Hari Krishna Prasad Vemuru received sustained applause from the audience at the 19th Annual Pioneer award celebration, hosted by the Electronic Frontier Foundation--a nonprofit that works to protect rights in the digital world--at the Minna Gallery in San Francisco. The EFF annually recognizes leaders working for freedom and innovation on the electronic frontier. There were about 50 nominations--open to the public--an independent committee comprising seven judges chose four out of them, including Prasad.
"I am choked," said Prasad, who has been in the eye of a storm since the beginning of the year for claiming that there is a flaw in the Electronic Voting Machine used in India. He said he was not sure he would be able to make it to San Francisco until he boarded the plane in India.
"My friends asked could you make it? And I said yes," said Prasad, the first Indian to receive an award from the EFF. He said since the award was announced, the Indian media have started praising him as a "hero", and "not a thief."
"Now," he said, "multiple Prasads will get generated in our coutry and will come forward to speak about the vulnerability of these machines. The only thing that I want to tell to the people of my country is: Pain will have its own reward."
He thanked Alex Halderman, Rop Gonggrijp, and the New Jersey-based nonprofit Save India Democracy for their help and support in his research into the EVMs.
"He (Prasad) is fighting for democracy in India in a very strong way," said Shari Steele, executive director, EFF. "What he has done is very brave. He basically said that these machines are not accurate and the whole democracy is based on these machines. The work he is doing is incredibly important and we hope that the people in India will recognise how important it is," she added.
"We are going to create some kind to collation with the EFF that would help in further works the organization has planned to do," said Satya Dosapati, founder, Save India Democracy. "These people have great resources and have had tremendous success. India does not have such type of organisation on digital issues."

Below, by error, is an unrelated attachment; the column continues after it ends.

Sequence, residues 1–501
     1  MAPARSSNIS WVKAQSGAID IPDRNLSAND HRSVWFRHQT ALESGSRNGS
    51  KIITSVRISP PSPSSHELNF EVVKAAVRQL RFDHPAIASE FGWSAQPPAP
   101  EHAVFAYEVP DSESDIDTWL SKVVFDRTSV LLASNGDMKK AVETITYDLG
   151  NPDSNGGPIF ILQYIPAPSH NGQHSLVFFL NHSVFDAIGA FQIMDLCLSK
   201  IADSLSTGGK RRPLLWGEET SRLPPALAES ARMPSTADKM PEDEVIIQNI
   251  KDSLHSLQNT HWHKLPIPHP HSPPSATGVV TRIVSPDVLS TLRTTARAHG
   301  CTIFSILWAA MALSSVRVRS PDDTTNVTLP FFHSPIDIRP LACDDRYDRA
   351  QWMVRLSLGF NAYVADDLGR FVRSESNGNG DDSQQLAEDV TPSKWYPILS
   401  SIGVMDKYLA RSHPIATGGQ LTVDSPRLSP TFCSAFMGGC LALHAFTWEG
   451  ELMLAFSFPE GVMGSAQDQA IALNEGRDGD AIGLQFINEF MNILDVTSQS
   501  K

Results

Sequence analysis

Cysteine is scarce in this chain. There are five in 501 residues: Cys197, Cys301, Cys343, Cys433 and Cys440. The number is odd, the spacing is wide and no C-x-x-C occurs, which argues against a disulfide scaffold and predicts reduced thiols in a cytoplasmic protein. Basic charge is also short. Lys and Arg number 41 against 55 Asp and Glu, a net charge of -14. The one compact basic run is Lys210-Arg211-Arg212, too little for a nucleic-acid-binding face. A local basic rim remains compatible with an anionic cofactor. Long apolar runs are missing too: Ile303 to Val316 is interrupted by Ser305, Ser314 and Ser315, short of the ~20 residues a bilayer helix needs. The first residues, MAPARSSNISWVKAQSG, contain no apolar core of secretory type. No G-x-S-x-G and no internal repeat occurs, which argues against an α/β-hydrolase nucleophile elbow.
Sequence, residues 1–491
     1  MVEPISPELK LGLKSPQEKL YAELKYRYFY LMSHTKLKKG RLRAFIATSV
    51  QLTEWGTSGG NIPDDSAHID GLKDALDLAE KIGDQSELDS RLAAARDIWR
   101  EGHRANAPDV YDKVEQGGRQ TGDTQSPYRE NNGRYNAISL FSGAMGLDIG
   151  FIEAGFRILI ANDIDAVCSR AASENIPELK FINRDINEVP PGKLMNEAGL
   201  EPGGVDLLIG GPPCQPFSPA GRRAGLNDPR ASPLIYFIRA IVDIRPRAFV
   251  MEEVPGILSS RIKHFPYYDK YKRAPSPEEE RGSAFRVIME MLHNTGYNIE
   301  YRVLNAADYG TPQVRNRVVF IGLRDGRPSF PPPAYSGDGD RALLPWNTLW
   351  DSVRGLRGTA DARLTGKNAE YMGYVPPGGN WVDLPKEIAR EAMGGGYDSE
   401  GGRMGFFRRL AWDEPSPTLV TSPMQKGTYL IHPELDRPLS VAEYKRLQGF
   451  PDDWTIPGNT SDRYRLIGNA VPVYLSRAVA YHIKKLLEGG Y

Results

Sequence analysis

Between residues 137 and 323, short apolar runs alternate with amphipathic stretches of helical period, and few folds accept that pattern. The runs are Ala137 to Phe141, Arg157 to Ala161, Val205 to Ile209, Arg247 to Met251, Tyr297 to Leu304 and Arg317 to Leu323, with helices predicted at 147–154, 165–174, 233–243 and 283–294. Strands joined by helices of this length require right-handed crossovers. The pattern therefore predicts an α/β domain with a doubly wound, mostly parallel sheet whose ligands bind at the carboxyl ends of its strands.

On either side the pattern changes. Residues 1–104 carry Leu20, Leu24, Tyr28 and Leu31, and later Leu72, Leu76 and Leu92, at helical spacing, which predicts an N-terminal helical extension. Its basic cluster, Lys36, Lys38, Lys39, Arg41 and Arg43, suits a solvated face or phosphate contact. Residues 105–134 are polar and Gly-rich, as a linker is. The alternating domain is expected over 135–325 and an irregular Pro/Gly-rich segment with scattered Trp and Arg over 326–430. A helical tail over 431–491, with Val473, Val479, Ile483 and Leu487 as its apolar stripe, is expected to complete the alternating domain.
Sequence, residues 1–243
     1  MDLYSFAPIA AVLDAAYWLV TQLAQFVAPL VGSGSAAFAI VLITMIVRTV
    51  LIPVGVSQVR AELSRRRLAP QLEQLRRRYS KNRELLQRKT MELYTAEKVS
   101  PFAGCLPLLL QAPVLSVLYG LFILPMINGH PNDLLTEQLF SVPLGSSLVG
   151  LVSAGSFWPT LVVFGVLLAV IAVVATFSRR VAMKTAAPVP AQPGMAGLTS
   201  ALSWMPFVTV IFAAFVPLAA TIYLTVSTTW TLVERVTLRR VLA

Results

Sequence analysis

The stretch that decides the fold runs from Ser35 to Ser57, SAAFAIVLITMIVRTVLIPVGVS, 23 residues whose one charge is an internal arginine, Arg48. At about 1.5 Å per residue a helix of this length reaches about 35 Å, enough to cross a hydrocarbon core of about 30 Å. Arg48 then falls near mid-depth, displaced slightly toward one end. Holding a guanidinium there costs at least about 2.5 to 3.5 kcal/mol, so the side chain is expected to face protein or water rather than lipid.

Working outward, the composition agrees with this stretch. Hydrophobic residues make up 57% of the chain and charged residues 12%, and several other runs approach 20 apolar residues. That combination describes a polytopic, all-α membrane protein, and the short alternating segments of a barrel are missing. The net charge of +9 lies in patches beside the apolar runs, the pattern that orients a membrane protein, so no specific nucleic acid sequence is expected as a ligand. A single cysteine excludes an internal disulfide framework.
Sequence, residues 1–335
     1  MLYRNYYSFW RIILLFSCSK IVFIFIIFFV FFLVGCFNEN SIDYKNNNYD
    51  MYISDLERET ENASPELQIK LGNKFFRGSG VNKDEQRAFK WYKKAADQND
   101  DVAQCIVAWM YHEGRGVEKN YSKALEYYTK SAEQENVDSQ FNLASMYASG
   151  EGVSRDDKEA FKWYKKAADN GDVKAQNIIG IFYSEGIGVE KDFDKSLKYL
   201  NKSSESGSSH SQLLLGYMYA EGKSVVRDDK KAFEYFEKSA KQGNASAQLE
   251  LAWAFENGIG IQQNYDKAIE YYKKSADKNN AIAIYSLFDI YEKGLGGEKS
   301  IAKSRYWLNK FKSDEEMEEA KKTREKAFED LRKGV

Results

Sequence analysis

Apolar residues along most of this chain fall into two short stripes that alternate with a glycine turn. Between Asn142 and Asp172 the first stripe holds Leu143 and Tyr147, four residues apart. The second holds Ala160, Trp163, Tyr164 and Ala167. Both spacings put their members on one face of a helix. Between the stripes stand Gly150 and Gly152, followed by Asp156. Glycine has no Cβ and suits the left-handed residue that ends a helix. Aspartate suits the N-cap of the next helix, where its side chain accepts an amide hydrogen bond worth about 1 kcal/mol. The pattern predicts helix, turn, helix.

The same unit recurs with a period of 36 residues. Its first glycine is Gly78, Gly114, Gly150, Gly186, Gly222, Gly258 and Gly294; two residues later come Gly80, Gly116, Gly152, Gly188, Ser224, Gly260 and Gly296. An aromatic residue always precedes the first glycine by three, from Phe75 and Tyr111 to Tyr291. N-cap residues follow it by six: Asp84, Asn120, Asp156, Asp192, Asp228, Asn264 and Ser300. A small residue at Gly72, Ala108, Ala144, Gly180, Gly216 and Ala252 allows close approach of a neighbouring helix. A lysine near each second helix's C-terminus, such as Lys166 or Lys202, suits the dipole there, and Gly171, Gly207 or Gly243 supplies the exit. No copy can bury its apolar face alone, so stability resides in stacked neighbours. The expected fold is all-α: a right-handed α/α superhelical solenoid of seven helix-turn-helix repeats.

Dospati, who sent experts from the US to India to help the embattled Prasad, hoped that the Election Commissioner of India will take steps to rectify flaws in the EVMs.
"We hope he will bring some drastic and concrete changes," said Dosapati. "We are not fighting for having or not having the voting machine. We are fighting for transparent and accountable elections."
The use of EVMs in Indian elections began in the 2004 general elections. The Indian EVMs are DRE (Direct Recording Electronic) machines, in which votes are recorded only to the machine's internal memory. There is no paper trail for later inspection or recount. There have been allegations of EVM tampering, particularly in and subsequent to the 2009 national elections. In early 2009, Prasad, managing director of Hyderabad-based technology firm NetIndia, was asked to attempt to demonstrate that the EVMs were not infallible. He devised a number of proofs of concept that showed the likelihood of the fallibility of the machines. In September 2009, the Election Commission of India invited Prasad to inspect an EVM but before Prasad and the others could conclude their work, the inspection was halted. Halderman and Gonggrijp joined Prasad in Hyderabad for a conference on elections at Dosapati's invitation. In April, they published the results of their study. They took no position on whether any actual tampering had occurred, but demonstrated that it could occur. In August, Prasad was arrested, allegedly because of the EVM--and how they got their hands on it-- was considered illegal.